The Factoring Regulation Act, 2011

data-matched-content-ui-type="image_card_sidebyside" data-matched-content-rows-num="1" data-matched-content-columns-num="4"

The Factoring Regulation Act, 2011 was enacted on 22nd January 2012. The term factoring is a financial transaction wherein a business sells its accounts receivables to the third party at a discount and receives instantaneous payments to its business. All small scale industries use this option more often to fund its business during contingencies. As there is no proper legal structure regulating factoring in India, its role in business is very meager. This Act applies to all domestic and cross border factoring of receivables.

This Act deals with the issues relating to assignment of debt to factor, registration requirements for factoring and exemplifies in relation to debtor protection. The objective of this Act is to endow with regulation to factoring and assignment of receivables by making provisions for its regulation. It also endows the rights and obligations of parties to contract for accounts receivables. This Act also provides special provisions for small and micro enterprises. One of the significant provision brought out by this Act is by making registration of assignment with the help of SARFAESI Act, 2002 and by making assignment of receivables exempt from stamp duty.

The factor should not commence in factoring business without obtaining the Certificate of Registration from the Reserve Bank of India. The Reserve Bank of India can ask for any material particulars on factoring business from the Factor through any Special Order or General order if it deems necessary. This Bank has the capacity to give directions to the factors or group of factors applying for running a factoring business at its own interest in connection with the commencement of factoring business. In case if any factor fails to follow the directions given by the Reserve Bank of India then such factors shall be rejected from doing factoring business after giving reasonable opportunity of being heard. An Assignor by agreement in writing assigns any receivables payable to him by a debtor. The assignor and the assignee will get agreed on terms relating to considerations. The assignor at the time of assignment of receivables discloses about defenses and rights of set off available to the debtor. In case if the factoring business established outside India and if any assignments of receivables are subject to provisions of Foreign Exchange Management Act, 1999.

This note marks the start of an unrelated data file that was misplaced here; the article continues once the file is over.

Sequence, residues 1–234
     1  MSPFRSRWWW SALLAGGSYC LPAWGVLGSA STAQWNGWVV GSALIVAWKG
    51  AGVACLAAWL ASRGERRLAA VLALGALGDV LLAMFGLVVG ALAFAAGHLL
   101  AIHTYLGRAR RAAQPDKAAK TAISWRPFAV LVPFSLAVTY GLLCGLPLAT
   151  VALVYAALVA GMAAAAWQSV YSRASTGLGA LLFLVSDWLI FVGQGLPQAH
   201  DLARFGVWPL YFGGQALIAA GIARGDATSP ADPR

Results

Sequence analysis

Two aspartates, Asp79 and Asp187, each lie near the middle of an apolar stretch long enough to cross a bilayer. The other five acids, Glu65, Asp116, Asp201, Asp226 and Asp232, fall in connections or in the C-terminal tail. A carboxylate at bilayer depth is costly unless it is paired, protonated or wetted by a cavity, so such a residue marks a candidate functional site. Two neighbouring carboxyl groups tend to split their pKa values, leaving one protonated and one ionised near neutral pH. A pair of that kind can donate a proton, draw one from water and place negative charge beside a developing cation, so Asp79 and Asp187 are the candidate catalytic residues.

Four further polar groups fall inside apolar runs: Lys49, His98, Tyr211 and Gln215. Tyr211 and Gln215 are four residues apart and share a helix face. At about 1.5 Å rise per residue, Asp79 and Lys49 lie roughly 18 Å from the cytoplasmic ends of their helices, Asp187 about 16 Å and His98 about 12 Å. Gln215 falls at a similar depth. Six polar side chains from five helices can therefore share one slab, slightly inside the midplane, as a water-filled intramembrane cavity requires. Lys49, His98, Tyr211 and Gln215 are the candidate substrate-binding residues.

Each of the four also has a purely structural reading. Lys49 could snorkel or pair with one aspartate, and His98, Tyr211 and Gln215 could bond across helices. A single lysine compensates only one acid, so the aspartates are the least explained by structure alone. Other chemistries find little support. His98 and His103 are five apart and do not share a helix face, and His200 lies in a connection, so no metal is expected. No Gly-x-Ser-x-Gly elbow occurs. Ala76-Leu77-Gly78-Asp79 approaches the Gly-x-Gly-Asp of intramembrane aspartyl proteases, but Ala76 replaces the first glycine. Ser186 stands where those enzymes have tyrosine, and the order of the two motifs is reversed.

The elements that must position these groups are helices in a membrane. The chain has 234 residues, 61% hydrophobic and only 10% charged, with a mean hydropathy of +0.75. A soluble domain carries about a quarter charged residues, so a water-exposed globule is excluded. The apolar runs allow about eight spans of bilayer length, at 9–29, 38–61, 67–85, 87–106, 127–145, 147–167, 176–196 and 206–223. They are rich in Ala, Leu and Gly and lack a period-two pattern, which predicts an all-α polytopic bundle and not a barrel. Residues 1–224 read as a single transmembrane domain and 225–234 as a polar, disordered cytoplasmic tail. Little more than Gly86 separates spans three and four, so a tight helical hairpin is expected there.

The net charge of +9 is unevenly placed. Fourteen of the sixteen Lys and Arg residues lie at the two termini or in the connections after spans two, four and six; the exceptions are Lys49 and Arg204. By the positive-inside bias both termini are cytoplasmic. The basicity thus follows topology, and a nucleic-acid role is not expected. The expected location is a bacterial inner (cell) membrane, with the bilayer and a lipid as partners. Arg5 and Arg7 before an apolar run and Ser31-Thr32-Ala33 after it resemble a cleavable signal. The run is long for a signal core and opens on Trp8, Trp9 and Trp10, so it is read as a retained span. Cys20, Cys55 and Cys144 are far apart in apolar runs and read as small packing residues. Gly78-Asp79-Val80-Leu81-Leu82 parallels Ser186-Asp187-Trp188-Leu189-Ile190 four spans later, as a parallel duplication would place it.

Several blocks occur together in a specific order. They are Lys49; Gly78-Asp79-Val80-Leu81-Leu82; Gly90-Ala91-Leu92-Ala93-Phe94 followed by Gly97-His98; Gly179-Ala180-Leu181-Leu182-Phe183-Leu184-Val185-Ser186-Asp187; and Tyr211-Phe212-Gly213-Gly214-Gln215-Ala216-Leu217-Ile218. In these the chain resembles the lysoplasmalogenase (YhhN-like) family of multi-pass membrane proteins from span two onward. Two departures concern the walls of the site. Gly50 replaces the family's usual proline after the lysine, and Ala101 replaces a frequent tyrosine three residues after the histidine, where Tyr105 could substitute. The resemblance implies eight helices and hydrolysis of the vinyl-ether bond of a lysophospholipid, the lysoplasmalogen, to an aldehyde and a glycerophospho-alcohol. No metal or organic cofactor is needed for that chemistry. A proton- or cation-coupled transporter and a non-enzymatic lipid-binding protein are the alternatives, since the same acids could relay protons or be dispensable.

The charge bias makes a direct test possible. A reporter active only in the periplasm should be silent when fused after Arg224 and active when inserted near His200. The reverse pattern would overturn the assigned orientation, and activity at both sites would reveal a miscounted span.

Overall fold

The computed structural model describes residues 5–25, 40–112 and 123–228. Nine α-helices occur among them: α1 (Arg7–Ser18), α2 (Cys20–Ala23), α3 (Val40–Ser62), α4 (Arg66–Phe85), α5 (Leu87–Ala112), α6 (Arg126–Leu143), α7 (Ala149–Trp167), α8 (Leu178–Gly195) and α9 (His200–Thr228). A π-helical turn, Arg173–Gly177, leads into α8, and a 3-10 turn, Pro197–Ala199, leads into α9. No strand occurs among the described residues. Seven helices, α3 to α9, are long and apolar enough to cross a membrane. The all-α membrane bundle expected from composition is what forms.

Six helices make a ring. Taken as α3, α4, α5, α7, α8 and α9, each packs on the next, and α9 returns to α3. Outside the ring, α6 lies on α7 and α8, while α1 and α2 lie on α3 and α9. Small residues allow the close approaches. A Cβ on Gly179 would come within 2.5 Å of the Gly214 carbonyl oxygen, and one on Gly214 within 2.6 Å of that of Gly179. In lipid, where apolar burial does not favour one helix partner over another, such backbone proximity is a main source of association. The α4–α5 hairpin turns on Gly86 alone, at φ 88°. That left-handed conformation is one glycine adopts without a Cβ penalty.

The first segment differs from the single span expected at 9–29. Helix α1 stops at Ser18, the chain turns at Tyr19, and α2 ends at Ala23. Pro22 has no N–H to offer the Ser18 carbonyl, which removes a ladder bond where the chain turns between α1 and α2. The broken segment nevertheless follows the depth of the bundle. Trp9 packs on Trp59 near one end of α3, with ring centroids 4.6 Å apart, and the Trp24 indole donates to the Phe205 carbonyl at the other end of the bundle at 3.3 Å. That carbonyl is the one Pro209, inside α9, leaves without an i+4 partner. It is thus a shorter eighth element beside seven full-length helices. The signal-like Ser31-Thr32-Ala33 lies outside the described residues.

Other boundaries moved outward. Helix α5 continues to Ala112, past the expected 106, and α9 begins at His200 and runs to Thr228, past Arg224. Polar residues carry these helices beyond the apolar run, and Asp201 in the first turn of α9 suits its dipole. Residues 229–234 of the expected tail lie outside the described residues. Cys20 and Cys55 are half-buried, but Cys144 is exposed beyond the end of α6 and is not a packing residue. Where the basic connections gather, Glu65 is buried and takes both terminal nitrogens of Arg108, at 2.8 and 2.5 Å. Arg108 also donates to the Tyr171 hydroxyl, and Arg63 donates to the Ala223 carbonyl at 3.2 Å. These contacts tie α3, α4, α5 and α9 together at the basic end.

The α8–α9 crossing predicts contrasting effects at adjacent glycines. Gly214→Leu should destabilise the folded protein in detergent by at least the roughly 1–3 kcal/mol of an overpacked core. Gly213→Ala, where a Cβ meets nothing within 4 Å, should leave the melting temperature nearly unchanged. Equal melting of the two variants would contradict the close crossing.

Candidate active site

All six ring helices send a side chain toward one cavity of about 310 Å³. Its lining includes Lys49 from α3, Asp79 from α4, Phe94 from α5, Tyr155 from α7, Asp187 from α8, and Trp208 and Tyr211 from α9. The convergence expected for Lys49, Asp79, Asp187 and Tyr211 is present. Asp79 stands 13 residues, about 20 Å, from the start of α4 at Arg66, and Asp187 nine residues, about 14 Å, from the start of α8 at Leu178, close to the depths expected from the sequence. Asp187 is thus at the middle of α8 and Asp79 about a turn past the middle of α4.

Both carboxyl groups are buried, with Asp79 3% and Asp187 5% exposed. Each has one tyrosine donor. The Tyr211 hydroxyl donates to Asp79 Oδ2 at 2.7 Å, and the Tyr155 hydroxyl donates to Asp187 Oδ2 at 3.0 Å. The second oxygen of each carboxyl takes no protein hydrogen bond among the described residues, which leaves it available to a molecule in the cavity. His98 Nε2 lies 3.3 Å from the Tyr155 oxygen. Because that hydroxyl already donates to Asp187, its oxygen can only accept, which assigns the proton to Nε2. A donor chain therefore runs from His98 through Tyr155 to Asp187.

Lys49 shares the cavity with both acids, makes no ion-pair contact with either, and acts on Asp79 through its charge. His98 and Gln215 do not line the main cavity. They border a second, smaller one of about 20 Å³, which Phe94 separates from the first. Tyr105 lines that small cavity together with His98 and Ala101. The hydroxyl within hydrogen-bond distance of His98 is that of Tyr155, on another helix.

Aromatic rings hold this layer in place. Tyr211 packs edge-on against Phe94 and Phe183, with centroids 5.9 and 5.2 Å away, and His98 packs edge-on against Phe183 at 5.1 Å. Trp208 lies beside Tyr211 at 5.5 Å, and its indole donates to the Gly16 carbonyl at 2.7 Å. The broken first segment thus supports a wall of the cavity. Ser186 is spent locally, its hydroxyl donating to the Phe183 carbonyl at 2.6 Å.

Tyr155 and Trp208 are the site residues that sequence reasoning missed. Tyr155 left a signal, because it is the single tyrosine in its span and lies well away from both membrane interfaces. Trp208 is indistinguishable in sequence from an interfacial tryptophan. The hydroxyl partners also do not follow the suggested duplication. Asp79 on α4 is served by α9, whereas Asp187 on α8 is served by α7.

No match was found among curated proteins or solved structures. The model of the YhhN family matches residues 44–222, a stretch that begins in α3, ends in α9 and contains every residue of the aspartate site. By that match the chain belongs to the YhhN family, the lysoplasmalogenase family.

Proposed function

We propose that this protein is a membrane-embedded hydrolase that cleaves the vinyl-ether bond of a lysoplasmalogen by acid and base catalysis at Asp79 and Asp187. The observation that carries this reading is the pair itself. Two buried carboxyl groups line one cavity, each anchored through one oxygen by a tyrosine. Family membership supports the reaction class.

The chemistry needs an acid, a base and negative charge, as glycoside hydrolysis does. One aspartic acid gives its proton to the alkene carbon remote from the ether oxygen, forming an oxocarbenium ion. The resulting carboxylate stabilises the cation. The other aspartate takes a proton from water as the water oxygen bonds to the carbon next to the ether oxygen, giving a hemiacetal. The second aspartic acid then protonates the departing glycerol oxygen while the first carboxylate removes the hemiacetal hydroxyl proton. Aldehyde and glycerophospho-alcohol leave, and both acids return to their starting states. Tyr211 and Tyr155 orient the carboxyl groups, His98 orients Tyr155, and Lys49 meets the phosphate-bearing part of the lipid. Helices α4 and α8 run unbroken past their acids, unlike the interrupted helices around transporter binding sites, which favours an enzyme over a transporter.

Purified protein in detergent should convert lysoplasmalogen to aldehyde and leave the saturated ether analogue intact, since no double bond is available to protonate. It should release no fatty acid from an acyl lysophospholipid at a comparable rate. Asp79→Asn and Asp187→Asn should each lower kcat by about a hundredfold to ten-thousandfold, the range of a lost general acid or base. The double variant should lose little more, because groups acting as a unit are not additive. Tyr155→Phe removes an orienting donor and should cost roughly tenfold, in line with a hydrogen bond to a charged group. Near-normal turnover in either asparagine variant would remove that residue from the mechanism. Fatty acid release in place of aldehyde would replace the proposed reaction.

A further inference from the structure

The Assignee holds absolute rights on secured property received for assignment of receivables for any damages caused to him. In case of any encumbrances upon Assignment of receivables, the assignor can get consideration for such amount as he assigns receivable upon secured payment. The Assignee has no rights to demand payment from debtor on receivables unless notice served to him with express authority by the assignor. The debtor is bound to pay upon notice either by assignor or assignee in discharge of its obligation on receivables.  The Debtor has every right to notice of assignment without any injustice to any law in force for the time being. The debtor shall make payment to the Assignor on assigned receivables in accordance with the contract. The debtor shall intimate all information regarding deposits or payments made to the Assignee even before the receipt of notice from the Assignor. He is responsible for invalid discharge of payment made to the Assignor without any notice.